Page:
Technology can be a great tool for reinforcing and therefore promoting positive student behavior in the classroom. Students who can use technology to track their behavior in the classroom have shown increases in positive behaviors and decreases in negative behaviors and their consequences.
Why does tracking reinforce positive behavior?
There are a few reasons why these tracking and monitoring strategies are effective. First, the social skills of students are still developing, so they may not immediately recognize negative behaviors. Students may benefit from simply being made aware that unwanted behavior is occurring. Second, the evaluation portion of the process gives students concrete feedback about particular unwanted behaviors, which helps them learn to keep them in check. Instead of feeling unable to control or impact the behaviors, students develop a greater sense of control.
Targets for self-monitoring can include behaviors you seek to increase (Webber et al., 1993), such as:
- Focusing on the task or assignment (on-task).
- Making positive statements to peers.
- Completing work.
- Complying with the teacher’s requests.
- Reading pages of text during study periods.
- Completing math computation problems.
Incorporating technology into this self-monitoring can promote a positive outcome in two ways: through student motivation and easy data collection. Here are some simple apps and tools that can be used:
Staying on Task.
Students with an ADHD diagnosis may not even realize how often they are off-task. One great app for helping to monitor this behavior is ClassDojo. In my school, a student and a teacher used it simultaneously to track data. The monitoring portion of the app was set for a pre-selected duration, and when the timer went off (every five minutes, for example), both the teacher and the student would mark whether the student was on-task or off-task. Having both of them do it helped to “calibrate” the student’s ability to determine whether he was really off-task. This type of monitoring data can be collected over time, and can even be shared with parents daily via email.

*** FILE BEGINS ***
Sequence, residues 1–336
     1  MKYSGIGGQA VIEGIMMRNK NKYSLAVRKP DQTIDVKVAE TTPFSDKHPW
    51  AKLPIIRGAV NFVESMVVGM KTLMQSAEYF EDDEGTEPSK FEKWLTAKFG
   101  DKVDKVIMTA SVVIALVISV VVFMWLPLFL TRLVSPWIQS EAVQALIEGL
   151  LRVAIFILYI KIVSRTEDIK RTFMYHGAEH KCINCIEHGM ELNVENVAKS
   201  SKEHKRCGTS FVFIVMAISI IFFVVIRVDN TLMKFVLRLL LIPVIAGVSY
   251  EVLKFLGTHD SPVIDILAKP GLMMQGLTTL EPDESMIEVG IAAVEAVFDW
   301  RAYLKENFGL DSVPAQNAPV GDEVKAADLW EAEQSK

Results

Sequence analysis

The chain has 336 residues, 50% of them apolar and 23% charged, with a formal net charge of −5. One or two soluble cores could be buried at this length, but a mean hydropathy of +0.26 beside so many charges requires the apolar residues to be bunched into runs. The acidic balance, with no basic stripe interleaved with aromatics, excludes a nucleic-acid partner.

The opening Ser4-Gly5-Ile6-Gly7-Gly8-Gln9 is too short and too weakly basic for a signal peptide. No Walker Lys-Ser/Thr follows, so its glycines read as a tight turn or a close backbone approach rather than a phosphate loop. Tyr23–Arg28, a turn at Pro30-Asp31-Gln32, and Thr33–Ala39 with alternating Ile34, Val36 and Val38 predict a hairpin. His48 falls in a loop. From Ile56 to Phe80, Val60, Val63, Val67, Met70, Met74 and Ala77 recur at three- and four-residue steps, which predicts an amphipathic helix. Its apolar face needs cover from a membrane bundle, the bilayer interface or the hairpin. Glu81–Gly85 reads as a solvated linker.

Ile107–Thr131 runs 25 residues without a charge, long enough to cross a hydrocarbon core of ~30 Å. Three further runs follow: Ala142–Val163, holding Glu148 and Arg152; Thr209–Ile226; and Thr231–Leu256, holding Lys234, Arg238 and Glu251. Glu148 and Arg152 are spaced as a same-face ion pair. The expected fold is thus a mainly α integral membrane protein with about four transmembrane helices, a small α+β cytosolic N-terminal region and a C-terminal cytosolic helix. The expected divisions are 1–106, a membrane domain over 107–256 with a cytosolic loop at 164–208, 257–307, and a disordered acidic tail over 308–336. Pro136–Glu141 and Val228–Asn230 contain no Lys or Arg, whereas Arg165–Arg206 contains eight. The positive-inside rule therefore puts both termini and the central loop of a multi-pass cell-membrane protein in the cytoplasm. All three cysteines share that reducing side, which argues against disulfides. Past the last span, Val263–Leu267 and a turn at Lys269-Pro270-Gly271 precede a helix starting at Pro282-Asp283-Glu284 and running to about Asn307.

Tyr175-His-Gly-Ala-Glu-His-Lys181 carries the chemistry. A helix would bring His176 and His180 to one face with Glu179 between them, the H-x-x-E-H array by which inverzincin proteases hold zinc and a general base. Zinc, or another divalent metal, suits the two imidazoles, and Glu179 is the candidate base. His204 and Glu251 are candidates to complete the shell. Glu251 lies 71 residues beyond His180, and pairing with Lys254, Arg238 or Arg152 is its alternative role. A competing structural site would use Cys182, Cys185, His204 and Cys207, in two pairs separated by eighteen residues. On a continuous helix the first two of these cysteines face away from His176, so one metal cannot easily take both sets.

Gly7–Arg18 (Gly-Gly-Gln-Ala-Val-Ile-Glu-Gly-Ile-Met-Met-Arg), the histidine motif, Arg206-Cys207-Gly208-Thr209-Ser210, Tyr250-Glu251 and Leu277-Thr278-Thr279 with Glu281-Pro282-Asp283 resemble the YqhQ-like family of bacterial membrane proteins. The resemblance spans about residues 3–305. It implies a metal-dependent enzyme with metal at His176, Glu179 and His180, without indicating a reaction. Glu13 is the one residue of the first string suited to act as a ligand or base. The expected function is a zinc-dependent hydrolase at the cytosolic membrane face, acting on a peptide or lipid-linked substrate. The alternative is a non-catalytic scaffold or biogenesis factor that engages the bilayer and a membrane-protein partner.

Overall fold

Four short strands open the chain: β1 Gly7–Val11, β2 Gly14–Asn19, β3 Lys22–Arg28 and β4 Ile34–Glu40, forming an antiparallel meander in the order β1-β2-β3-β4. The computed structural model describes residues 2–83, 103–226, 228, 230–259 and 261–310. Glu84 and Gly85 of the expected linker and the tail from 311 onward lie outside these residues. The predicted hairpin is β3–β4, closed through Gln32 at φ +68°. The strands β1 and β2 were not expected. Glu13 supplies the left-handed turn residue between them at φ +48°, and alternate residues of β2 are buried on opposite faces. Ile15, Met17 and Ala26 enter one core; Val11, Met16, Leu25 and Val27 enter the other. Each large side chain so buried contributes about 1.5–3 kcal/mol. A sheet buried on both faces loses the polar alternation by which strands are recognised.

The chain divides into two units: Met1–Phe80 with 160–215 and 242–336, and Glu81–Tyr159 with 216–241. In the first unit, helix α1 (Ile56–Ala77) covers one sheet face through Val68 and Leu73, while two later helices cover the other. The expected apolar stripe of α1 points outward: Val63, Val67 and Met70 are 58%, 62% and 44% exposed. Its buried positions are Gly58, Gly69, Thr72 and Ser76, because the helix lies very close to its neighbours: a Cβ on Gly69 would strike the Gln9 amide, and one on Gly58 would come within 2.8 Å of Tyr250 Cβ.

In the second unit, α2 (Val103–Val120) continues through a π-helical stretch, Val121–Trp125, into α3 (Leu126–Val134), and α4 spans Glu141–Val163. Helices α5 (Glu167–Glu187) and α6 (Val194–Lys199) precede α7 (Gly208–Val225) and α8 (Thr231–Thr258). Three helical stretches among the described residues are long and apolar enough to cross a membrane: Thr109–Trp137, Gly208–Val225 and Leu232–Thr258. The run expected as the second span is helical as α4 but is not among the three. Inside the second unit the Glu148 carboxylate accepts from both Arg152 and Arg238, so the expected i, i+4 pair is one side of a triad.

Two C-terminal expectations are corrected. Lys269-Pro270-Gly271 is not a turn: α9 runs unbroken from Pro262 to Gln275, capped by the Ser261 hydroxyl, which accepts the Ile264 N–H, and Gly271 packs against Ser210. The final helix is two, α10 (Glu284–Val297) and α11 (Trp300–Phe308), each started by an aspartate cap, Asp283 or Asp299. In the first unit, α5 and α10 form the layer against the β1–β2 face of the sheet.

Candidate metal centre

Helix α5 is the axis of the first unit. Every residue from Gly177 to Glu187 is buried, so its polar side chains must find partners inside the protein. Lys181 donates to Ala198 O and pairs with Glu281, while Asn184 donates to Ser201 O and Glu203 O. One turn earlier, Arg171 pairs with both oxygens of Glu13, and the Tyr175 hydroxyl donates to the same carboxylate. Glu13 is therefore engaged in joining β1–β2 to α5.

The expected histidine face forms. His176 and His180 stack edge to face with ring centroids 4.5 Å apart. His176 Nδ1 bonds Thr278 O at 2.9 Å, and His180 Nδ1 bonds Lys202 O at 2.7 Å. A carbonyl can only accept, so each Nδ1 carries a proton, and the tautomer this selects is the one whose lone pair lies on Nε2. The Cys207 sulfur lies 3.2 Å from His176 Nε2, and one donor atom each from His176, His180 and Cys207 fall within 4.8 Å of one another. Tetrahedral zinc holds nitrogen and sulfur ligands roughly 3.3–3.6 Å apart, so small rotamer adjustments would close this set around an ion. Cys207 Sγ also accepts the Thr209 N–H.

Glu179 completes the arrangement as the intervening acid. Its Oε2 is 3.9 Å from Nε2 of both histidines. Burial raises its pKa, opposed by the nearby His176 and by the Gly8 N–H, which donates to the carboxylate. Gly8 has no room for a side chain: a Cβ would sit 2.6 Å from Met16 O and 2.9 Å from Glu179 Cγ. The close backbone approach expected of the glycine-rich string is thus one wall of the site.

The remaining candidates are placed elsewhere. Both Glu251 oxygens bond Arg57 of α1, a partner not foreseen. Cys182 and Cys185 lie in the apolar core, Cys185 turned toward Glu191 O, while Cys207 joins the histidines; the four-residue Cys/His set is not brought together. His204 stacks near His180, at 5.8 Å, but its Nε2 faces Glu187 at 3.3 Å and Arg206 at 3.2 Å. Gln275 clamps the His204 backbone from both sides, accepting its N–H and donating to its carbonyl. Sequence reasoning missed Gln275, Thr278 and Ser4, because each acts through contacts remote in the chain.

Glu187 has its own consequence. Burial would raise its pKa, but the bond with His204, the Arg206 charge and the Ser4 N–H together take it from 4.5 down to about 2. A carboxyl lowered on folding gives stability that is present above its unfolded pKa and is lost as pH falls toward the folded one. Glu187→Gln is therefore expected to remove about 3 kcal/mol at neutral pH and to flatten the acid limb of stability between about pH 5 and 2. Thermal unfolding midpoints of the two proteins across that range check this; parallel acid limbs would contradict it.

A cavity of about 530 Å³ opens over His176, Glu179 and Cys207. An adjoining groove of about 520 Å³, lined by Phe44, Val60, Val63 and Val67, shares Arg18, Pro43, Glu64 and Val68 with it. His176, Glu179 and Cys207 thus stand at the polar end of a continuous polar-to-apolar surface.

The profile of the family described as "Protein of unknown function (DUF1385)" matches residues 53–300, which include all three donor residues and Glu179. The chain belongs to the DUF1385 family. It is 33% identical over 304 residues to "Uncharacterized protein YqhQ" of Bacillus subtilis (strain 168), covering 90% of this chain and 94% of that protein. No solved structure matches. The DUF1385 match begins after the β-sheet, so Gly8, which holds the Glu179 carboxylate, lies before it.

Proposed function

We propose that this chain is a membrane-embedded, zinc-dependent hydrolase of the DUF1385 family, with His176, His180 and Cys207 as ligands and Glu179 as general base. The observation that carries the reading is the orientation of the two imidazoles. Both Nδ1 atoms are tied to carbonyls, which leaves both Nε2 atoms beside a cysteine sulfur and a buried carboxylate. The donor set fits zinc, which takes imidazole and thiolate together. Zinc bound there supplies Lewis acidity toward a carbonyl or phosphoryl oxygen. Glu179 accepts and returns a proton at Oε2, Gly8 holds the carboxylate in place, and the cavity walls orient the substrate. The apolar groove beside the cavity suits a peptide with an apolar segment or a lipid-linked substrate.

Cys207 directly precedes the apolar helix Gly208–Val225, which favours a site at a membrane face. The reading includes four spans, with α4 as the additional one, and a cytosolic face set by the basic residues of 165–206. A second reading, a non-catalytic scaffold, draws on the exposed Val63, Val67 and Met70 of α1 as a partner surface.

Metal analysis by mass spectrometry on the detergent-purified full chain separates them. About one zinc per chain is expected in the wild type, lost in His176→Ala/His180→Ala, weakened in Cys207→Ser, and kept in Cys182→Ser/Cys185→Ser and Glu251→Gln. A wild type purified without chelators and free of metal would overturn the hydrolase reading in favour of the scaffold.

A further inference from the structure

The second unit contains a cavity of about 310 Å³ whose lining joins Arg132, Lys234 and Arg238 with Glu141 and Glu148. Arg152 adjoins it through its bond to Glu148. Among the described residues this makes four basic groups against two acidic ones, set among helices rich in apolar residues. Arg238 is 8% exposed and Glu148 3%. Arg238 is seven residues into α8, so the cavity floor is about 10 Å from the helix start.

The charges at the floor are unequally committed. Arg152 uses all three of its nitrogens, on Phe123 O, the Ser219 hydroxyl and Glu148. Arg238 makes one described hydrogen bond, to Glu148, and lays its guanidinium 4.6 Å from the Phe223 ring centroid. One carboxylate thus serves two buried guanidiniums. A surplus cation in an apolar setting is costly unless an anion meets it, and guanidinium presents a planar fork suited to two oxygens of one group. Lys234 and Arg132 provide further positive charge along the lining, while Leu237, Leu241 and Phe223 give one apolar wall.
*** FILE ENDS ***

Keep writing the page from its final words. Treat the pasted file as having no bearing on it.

Positive Peer Interaction.
This strategy can be tricky, depending on the age of the students and the climate of the classroom. But in the right classroom, it can make a huge difference in students making solid progress. For example, in one school a teacher had a group of students create a video that outlined expectations for a specific area of the building, the cafeteria. The video’s objective was to give the elementary students explicit information about how to properly go through the line, ask for help, and clean up when finished. Through the process of creating the video, one student who was diagnosed with autism really deepened his understanding of what was expected. He could see both himself and his peers in a “third-person” situation through the lens of the camera. Some of the cafeteria expectations, which seemed simple to many of the students, were difficult for this student to master. He needed the multiple repetitions of seeing the video while editing to really learn the expectations for the behavior. His behavior thereafter in the cafeteria showed significant improvement.
Completing work can be a struggle for all students (and adults!) at times. It’s important to keep the goal of the behavior in mind. Here are a few quick and easy strategies that can get results:
- Use a timer – Have students work to complete X number of tasks by a certain time. Keep track of the data and have them work to improve. This helps them with pacing and focus.
- Offer rewards – Technology rewards are a great incentive for many students: “Finish your test and you can work on the iPad for five minutes.” Older students who are working for high levels of accuracy can earn one minute for every correct answer, not just work completed.
- Enhance the task with technology – Could the student read the story as an eBook? Record the algebra answers in a “ShowMe”? Could the student use the Recorder feature within MimioStudio™ software to make a recording of the short answers on the test, instead of writing them? Could the document be typed instead of handwritten?
- Celebrate the victories – Pop up the student’s screen on the IWB to show the class how well the student completed work.
Doing What You Are Told.
The final areas for student self-monitoring is listening and doing what is asked of you. Students whose behavior is corrected consistently must start asking themselves, “Did I make a good choice?” It sounds very simple, but basic reflection can be very hard, even for older students. There are two questions I always use with the students who have trouble in this area: “What happened?” and “What was supposed to happen?” Students have to know the right answer in order to choose it.
A basic tally system can come in handy in these cases. It can simply line out how many times the teacher had to ask the student to do something. A savvy teacher with only one student to focus on at a time can use a free counter app to tally the number of times requests were made. One teacher who had success with this method began by focusing on a short period of time – 30 minutes. She tallied the number of requests that had to be made beyond the first request. She charted the data, focused on growth, cheered successes, and made adjustments as needed.
It goes without saying that any tools used to monitor behavior should maintain the dignity of students at all times. Teachers should have private conversations with students prior to starting work on behaviors, and should conference with students and parents about successes privately. The rest of the class should not be aware that you are tallying or monitoring a particular student.
Have you discovered simple, easy-to-implement, positive reinforcers that help support students who struggle with behavior? Please share them with us!